Our only choice is how we RESPOND to our experience. We can remain ignorant of the forces that shaped us as children. We can refuse to learn new behaviors and change the outcome of our unhappy lives. Or we can open our eyes to the truth about ourselves and our past, and, with our partner’s support and compassion, learn new and effective ways of coping with our experience. This is what adults choose to do in a conscious relationship.
Today, think about a common pattern or occurrence in your relationship, perhaps a recurring core argument to which you have a knee-jerk response – to complain, to withdraw, to blow up in anger, to sabotage. Try to recall where you first encountered this behavior and when you first started to use this tactic. What one thing can you do differently today that might get a different response from your partner and might break this old pattern of stimulus and response?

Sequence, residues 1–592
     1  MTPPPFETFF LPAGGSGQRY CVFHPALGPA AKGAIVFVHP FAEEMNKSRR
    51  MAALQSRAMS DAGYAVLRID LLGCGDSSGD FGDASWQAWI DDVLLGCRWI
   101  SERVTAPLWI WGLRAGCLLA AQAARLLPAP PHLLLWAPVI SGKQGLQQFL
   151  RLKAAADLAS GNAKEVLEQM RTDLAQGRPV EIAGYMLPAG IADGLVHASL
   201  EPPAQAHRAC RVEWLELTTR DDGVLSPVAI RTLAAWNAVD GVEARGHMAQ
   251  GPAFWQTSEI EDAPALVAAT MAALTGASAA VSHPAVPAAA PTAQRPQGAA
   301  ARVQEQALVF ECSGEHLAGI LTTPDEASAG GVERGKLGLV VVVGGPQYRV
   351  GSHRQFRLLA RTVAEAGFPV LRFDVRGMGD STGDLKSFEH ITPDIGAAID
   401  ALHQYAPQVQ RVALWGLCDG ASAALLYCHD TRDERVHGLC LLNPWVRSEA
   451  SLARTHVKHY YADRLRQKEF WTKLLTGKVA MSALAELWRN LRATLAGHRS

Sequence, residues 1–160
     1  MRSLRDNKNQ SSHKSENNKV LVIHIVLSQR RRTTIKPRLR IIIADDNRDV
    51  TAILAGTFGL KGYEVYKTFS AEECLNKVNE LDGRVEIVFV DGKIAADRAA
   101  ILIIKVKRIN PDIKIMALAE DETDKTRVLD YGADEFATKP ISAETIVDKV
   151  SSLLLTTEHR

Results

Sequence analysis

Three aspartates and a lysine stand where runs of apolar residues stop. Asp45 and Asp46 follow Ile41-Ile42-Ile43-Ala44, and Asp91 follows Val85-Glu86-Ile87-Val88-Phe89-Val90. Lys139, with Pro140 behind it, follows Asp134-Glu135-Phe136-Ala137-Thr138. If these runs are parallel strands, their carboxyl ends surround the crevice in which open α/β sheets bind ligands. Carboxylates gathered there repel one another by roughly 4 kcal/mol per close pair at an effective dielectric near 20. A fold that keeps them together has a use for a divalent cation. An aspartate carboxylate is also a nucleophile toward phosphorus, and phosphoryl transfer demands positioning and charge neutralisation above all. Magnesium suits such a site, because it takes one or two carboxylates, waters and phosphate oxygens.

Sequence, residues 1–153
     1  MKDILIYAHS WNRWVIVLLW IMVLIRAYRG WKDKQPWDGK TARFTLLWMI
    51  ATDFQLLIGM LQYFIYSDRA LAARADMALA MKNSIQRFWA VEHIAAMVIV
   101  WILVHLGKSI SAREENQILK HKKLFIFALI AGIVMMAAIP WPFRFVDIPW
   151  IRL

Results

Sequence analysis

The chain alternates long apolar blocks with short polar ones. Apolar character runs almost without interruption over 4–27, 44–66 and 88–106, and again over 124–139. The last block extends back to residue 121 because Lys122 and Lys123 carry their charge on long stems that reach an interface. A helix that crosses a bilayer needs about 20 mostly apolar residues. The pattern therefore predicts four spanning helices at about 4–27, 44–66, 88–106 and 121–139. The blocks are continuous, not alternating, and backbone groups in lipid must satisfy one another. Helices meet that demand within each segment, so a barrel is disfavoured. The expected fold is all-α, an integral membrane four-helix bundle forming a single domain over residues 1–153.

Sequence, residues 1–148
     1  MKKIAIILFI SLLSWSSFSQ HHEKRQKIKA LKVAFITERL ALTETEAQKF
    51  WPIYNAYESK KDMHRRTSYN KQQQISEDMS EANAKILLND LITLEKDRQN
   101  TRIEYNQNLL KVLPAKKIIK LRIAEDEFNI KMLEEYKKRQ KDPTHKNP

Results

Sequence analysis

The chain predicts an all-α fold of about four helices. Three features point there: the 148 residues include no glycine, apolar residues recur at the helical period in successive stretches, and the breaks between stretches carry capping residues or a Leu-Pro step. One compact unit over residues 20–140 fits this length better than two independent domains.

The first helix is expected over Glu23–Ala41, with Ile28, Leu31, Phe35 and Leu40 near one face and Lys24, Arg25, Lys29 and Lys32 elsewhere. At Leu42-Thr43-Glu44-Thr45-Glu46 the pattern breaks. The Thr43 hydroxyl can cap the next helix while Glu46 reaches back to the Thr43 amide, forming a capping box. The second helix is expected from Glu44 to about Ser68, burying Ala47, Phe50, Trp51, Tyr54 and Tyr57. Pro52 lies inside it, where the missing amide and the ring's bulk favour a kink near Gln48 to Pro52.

Source: Harville and Helen Hendrix
Insightful article written by Magdaleen Scott , published in all4Women, August 1st,2017.
Once an encounter occurs, a relationship can form and from this assembly point proverbial magic happens. It all starts with a single point of contact and this contact enables a relationship…The basic assumption of Imago (Latin word for Image pronounced Im-ah-go) is that committed partnerships have a higher calling/mission than simply the pursuit of happiness. It’s therefore clear that there is more to relationships than mere happiness and the pursuit thereof.